Indication: Saxenda® (liraglutide (rys)) is indicated as an adjunct to a reduced-calorie diet and increased physical activity for chronic weight management in adult patients with an initial Body Mass Index of ≥30 kg/m2 (obese) or ≥27 kg/m2 to <30 kg/m2 (overweight) in the presence of at least one weight related comorbidity, such as dysglycaemia (pre-diabetes and type 2 diabetes mellitus), hypertension, dyslipidaemia or obstructive sleep apnoea. Treatment with Saxenda® should be discontinued after 12 weeks on the 3.0 mg/day dose if a patient has not lost at least 5% of their initial body weight. Long-term use should be informed by the following: long-term safety data are limited. Adverse reactions that are uncommon (frequency <1/100) and/or are associated with prolonged use (>12 months) might not have been identified in the clinical development program; long-term efficacy data are limited. The treatment effect has only been documented for 1 year. Dosage and administration: Saxenda® is administered once daily at any time, independent of meals, subcutaneously injected in the abdomen, thigh or upper arm, preferably around the same time every day. The starting dose is 0.6 mg daily. The dose should be increased to 3.0 mg daily in increments of 0.6 mg per week to improve gastrointestinal tolerability. If escalation to the next dose step is not tolerated for two consecutive weeks, consider discontinuing treatment. Daily doses higher than 3.0 mg are not recommended. Contraindications: Not to be used in patients with hypersensitivity to liraglutide or any of its excipients, or with a past history of Glucagon-like Peptide-1 (GLP-1) analogue associated pancreatitis. Precautions: Saxenda®is not indicated for patients with obesity secondary to endocrinological or eating disorders or to treatment with medicinal products that may cause weight gain, or <18 years; must not be administered intravenously or intramuscularly, or used as a substitute for insulin; should not be used with insulin; is not recommended in patients with a history of pancreatitis, heart failure, cardiac conduction disorders, severe renal impairment including end-stage renal disease, hepatic impairment or insufficiency, inflammatory bowel disease or diabetic gastroparesis, ≥75 years, or in combination with other prescription, over-the-counter or complementary medicines intended for weight loss; must be used with caution in patients 65-74 years, with mild/moderate renal impairment, with thyroid disease or on other drugs that increase heart rate. Dehydration: patients should be advised of the potential risk of dehydration in relation to gastrointestinal side effects and take precautions to avoid fluid depletion. Pancreatitis: If pancreatitis is suspected, treatment should be discontinued promptly. If acute pancreatitis is confirmed, Saxenda® should not be restarted. Cholelithiasis and cholecystitis: In clinical trials, a higher rate was observed in patients treated with Saxenda® than in patients on placebo. Cholelithiasis and cholecystitis may lead to hospitalisation and cholecystectomy. Patients should be informed of the characteristic symptoms. Heart rate: Saxenda® should be discontinued for patients who experience a sustained increase in resting heart rate. Overweight or obese patients with type 2 diabetes: For patients on Saxenda® consider reducing the dose of concomitantly administered insulin secretagogues to reduce the risk of hypoglycaemia. Pregnancy and lactation: Category B3. Saxenda® should not be used during pregnancy or breastfeeding. If a patient wishes to become pregnant treatment with Saxenda® should be discontinued. Interactions: No clinically significant drug interactions have been demonstrated with Saxenda®. Very low potential for drug-drug interactions related to cytochrome P450 (CYP) and plasma protein binding. The delay of gastric emptying caused by liraglutide may impact absorption of concomitantly administered oral medicinal products. Clinically relevant interactions with compounds with narrow therapeutic index, or medications associated with local gastrointestinal irritation (e.g. bisphosphonates, potassium chloride) cannot be excluded. Upon initiation of Saxenda® in patients on warfarin or other coumarin derivatives, more frequent monitoring of International Normalised Ratio is recommended. Adverse effects: Overall, gastrointestinal reactions, nausea, vomiting, diarrhoea and constipation, were the most frequently reported side effects. Other commonly reported side effects include dyspepsia, abdominal pain upper, abdominal distension, eructation, flatulence, gastroesophageal reflux disease, dry mouth, gastritis, hypoglycaemia, injection site reactions, fatigue, asthenia, dizziness, dysgeusia, cholelithiasis and insomnia. Refer to the Product Information for details of potential uncommon or rare adverse reactions observed in clinical trials. Date of preparation: December 2015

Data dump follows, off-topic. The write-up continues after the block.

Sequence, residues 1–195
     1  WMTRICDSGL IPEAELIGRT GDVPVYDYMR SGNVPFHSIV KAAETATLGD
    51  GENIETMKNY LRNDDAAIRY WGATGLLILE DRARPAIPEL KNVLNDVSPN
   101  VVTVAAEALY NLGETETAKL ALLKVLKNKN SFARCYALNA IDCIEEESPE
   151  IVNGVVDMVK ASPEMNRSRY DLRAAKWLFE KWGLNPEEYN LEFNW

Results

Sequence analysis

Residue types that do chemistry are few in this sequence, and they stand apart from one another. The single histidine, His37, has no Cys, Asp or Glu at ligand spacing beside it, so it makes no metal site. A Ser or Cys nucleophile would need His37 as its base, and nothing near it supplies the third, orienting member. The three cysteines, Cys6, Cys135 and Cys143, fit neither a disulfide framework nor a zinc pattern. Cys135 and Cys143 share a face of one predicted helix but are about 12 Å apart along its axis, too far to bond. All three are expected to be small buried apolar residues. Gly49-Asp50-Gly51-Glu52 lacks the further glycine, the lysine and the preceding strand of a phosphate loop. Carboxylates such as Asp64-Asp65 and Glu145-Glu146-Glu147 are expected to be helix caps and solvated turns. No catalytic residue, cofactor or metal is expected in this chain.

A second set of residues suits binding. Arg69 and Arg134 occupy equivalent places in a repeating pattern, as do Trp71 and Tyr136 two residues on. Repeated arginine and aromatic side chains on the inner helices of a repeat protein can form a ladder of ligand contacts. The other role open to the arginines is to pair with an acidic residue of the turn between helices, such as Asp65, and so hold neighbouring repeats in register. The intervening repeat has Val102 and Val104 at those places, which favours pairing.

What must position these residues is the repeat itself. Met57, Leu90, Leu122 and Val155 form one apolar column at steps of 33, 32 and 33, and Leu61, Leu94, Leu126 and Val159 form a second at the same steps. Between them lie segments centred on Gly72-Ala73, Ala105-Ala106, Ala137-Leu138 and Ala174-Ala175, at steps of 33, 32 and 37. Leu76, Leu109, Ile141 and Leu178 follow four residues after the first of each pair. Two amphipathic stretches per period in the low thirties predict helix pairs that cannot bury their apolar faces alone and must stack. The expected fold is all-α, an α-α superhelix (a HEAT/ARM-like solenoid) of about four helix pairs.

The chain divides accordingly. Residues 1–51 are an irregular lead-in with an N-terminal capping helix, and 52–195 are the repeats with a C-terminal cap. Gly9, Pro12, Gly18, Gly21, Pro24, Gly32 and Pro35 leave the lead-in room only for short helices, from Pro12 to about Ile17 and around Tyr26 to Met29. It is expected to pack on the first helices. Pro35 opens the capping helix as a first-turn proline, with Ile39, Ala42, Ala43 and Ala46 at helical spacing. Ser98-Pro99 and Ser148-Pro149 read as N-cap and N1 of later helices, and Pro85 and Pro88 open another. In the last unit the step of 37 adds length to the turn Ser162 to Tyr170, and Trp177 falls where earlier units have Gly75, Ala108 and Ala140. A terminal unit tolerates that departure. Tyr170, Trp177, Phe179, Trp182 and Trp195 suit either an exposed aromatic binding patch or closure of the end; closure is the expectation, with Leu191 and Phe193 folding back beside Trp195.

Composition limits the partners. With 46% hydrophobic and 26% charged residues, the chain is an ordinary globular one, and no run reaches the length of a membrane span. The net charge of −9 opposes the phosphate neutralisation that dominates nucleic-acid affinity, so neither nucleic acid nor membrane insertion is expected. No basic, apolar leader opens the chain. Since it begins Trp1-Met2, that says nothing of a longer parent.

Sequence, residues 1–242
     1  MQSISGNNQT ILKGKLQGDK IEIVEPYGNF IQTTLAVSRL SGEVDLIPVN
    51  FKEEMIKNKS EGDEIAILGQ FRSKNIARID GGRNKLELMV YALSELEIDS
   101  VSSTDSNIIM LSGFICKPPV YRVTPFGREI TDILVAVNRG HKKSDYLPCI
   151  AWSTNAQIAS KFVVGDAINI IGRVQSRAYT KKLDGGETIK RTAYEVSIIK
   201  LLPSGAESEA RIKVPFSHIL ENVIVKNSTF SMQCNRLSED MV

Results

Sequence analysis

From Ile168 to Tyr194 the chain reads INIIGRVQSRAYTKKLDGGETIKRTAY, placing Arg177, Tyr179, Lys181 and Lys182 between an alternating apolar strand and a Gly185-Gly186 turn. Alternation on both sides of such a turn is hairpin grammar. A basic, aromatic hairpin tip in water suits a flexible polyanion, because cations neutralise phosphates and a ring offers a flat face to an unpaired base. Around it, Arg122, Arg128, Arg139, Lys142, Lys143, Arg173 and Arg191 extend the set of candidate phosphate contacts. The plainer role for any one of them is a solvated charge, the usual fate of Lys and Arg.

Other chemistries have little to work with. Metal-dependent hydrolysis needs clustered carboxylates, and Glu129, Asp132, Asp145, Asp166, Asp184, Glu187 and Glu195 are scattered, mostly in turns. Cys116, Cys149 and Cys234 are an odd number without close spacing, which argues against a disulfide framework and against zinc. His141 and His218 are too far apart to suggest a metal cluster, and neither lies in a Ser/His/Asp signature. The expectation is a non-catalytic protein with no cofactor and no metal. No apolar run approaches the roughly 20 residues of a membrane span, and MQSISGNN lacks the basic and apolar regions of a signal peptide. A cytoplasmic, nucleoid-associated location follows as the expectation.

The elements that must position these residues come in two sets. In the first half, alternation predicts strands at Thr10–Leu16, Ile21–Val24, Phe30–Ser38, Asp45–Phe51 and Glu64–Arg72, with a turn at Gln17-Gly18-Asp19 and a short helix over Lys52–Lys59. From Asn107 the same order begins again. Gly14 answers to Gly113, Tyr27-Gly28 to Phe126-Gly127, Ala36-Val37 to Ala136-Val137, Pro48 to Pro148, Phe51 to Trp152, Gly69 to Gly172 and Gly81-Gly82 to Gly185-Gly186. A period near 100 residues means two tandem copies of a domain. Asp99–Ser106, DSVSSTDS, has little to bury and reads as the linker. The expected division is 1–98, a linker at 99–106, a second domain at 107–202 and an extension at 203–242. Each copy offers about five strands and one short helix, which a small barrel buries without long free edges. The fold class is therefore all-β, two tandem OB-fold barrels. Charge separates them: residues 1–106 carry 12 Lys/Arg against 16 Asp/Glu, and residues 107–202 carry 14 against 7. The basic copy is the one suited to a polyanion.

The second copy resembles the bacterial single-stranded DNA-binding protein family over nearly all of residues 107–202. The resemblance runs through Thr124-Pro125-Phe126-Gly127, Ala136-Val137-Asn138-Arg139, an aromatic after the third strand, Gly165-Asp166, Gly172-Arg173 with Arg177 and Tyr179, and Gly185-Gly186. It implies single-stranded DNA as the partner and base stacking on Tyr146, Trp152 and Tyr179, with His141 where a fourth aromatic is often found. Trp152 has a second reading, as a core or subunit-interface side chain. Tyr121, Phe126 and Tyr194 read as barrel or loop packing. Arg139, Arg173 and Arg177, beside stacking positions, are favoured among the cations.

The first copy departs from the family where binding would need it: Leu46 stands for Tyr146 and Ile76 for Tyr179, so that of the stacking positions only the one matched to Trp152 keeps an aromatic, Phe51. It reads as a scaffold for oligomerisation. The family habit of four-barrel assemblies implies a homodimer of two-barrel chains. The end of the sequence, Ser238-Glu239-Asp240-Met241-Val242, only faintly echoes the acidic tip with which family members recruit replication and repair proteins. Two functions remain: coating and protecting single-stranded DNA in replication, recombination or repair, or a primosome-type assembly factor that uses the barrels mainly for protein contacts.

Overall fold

References: 1. Saxenda® Approved Product Information, December 2015. 2. Pi-Sunyer X, Astrup A, Fujioka K, et al. for the SCALE Obesity and Prediabetes NN8022-1839 Study Group. A randomized, controlled trial of 3.0 mg of liraglutide in weight management. N Engl J Med. 2015;373(1):11–22 and supplementary appendix. doi:10.1056/NEJMoa1411892.
Novo Nordisk Pharmaceuticals Pty Ltd, ABN 40 002 879 996, Level 3, 21 Solent Circuit, Baulkham Hills NSW 2153. NovoCare® Customer Care Centre 1800 668 626. www.novonordisk.com.au ® Registered trademark of Novo Nordisk A/S. AU/LO/1117/0260b. November 2017